Now that you’ve seen bits and pieces of what we do in stations in our class, (hint: a station can basically be any activity that you would normally do in class), all that’s left is how to organize it!
Since you won’t be leading each group, it’s important that you have something posted for your students so they know what the purpose of the station is. I have laminated signs for “reading, writing, playing, ect. but I also like to add a little piece that includes an “I can…” goal! For example, my listening station this week was watching a youtube video with the Spanish alphabet and their goal for the station was “I can spell my name in Spanish.” This was totally new, but they almost all could accomplish the task afterwards. I also try to sum up the student directions into 3 easy steps. If it takes more than that, they are going to need your help.
I also usually give them 1 paper that has 2 quick questions about each station and what they learned on it. It helps them remember the new infomation they have discovered and it’s proof that they learned something.
Next order of business, How will you set up your stations?
I like having them as distinct areas of the room. I think it helps students focus on the task more like this. I have a big room so I can do this pretty easily. Here’s how my room is set up.
Each station has the materials that might be needed right at their fingertips. I leave them there – so setting up the stations is a breeze!
Finally, How often? How long at each station? How long until they are ready to “practice”?
There is no wrong way to eat a reece’s, I mean, run stations. You have to decide what works best for you. I have 70 min classes, 10 ipads, and 31 students in each class. For me, I usually do one of these options.
Stations 2x a week (Tuesday and Thursday) for the whole class period. Monday we start something new and then they are ready to dig in on Tuesday. I don’t send them to stations after they learn something, I send them to learn something! They need no prior knowledge to complete these tasks. Their job is to learn something new – figure it out with their group and bring it back to the class on Wednesday. We start together and then I give a 1 minute run down to the whole class of what they will do in each station (even though the directions are posted there) and then I set them free! They have 10-11 minutes in each station. This also allows for a mini-break when they change stations and a few minutes to wrap things up at the end.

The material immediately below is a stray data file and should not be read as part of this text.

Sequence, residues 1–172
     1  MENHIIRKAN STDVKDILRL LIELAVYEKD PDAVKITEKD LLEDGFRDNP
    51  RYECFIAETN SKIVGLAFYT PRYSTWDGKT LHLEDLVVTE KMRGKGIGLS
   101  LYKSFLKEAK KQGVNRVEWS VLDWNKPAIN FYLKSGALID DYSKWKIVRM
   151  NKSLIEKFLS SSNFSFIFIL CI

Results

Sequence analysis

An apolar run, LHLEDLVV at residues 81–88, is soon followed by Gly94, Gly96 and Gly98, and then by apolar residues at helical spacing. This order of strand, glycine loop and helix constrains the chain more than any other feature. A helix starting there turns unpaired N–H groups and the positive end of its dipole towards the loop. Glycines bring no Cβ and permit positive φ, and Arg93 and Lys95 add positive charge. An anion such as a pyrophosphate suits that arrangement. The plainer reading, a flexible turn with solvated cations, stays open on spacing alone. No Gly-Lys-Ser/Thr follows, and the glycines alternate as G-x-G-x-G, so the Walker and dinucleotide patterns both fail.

My other favorite is to introduce something new Monday and then teach mini-lessons the first half of class Tuesday, Wednesday, and Thursday. The second half of class those days is for stations. I plan 6 stations a week and they do 2 a day. This is nice for Spanish one, since many of the objectives don’t take a long time to teach (i.e. I can tell where I’m from). Friday ends up being a day to put what they’ve learned together (OUTPUT). We might record videos or create something hands-on.
We’ve been in school about 3 weeks and I asked students what has helped them learn the most in class so far.
While each kid liked a different activity, almost everyone mentioned something that we did in stations. I like how Diego said “It makes me use my brain” – Don’t all of his classes?!?
Hopefully that answers any questions you might have. If you missed anything important you would like to know, leave a comment below!
Please share your success if you use any ideas from any of the posts! We’d love to hear about it!
Want to read more about stations??
- One Solution: Stations!
- Solving Station Issues
- Reading Stations
- Writing Stations
- Game Stations
- Stations + Accountability
- Wrapping up stations
- Simplifying Stations with Templates